Shining City Reading Group Guide

Q. The president wants to pick an iconoclast independent thinker on the court, hoping to change the dynamics among the judges, which he believes have become too partisan. Many of his own aides disagree. What do you think of that? If you were president, would you pick someone who strongly agreed with your political views, or try to pick someone independent of politics?”

Q. Critics praised Shining City” for its realism and its insights into the characters and inside mores of politics in Washington. Before becoming a novelist, the author, Tom Rosenstiel, was a long-time Washington journalist and the author of seven nonfiction books about politics and media. Did you learn anything about these subjects you found interesting or surprising? Did any of it inspire you? Or was it disheartening? 

Q. The two main characters in the book, Peter Rena and Randi Brooks, are partners who disagree politically. Rather than by ideology, they are bound instead by a desire to always get the true facts of a situation. They both believed, deeply, knowing the facts is the only way the country can solve its problems? They pick their clients based on character, not conviction. What do you think of that? Do you have many friends in your own life you disagree with politically? Why or why not?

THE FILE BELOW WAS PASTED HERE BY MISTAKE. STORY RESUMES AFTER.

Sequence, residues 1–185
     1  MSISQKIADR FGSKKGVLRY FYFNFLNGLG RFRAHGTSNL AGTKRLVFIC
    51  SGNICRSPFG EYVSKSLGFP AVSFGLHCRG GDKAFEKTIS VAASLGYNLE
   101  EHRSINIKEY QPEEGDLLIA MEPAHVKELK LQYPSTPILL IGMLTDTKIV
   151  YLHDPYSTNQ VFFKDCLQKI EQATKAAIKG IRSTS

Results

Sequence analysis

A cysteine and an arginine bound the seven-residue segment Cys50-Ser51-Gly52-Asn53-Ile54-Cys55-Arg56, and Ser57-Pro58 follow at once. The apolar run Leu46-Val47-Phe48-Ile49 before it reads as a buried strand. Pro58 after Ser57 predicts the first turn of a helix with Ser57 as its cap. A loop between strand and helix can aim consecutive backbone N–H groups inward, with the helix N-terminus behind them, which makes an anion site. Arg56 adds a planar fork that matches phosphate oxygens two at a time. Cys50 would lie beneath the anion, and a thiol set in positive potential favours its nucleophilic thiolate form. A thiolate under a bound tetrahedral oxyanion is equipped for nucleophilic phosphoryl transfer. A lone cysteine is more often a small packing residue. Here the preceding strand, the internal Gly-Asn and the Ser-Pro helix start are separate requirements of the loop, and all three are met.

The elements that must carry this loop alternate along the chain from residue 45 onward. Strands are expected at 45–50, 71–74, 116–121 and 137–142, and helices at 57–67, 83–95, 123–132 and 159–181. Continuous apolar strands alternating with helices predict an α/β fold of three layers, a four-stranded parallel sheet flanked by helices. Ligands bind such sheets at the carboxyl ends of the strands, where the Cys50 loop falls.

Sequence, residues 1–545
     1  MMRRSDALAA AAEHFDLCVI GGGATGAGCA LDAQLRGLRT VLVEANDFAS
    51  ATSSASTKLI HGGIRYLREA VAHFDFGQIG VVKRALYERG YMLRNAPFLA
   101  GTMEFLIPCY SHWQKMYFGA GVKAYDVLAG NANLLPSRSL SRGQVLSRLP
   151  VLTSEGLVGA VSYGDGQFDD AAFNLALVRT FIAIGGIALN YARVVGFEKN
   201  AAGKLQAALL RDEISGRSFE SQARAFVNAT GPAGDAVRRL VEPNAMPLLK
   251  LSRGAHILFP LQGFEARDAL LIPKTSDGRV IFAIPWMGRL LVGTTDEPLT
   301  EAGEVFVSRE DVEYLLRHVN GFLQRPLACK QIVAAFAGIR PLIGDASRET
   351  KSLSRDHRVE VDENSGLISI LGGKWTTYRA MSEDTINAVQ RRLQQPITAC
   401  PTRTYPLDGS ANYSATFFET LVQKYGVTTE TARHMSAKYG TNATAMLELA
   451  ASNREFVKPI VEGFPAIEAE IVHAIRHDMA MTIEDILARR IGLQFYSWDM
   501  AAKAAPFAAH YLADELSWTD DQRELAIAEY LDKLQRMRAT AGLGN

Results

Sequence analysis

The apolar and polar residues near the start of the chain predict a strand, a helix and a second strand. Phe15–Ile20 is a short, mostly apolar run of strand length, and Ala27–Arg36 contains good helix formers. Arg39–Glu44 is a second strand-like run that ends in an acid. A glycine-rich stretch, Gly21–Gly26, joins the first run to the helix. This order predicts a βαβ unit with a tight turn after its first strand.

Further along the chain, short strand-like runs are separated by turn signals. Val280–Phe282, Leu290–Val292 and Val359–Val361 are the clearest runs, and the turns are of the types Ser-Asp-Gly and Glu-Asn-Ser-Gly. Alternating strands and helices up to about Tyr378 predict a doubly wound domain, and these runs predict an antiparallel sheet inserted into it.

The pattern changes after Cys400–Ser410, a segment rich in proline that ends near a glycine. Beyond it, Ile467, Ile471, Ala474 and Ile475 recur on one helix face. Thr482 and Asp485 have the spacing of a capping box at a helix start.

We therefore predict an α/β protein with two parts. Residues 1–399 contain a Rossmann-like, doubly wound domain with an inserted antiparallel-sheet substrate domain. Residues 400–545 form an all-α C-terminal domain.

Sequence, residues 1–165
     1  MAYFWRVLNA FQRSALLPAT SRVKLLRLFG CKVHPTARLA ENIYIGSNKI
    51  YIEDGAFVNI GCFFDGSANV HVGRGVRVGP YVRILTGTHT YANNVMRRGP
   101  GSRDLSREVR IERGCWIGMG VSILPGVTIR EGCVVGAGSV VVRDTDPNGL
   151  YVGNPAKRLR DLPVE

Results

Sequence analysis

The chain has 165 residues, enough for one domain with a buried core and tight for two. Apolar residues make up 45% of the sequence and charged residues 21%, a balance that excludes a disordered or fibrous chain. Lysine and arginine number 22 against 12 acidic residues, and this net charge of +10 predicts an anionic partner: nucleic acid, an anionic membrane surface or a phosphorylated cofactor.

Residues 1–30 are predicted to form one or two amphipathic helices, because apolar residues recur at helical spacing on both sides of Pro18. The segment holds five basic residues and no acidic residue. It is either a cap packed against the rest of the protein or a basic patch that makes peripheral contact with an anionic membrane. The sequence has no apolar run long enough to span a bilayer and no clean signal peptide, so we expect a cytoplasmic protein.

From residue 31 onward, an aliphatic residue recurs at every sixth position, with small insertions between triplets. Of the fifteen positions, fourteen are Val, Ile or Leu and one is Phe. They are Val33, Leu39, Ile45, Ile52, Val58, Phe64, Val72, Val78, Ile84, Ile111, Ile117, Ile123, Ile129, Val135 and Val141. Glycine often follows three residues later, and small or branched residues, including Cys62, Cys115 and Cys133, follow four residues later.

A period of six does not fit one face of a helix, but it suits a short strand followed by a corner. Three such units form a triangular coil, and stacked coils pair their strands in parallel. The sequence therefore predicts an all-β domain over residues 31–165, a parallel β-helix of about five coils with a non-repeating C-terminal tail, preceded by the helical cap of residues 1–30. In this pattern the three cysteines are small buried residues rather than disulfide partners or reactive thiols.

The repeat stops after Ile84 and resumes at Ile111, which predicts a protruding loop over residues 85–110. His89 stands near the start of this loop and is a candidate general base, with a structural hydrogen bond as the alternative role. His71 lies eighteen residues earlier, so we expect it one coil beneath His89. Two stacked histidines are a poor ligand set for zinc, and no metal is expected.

Q. Did the book change your opinion or perspective about anything issues? Do you feel differently now than you did before you read it?

Q. Peter Rena, the former soldier turned political fixer, has a fatalistic view of morality. He isn’t sure Martin Luther King was right that the long arc of history bends toward justice. But he believes you should tug towards justice in your own life because others may be pulling the other way. What would you say is your own view of the arc of history?

Q. Which parts of the book stood out to you? Are there any quotes, passages, or scenes you found particularly compelling? Were there parts of the book you thought were incredibly unique, out of place, thought-provoking, or disturbing?

Q. The author has said one thing that intrigues him about political thrillers is that usually all the characters think they are doing the right thing, or fighting for some good cause, even the ones readers are rooting against or think are evil or wrong. What did you think of the characters antagonists in this book? In the end, the the protagonists are uneasy with what they have had to do. What do you think of them?

Q. If the book were being adapted into a movie, who would you want to see play what parts?

The Series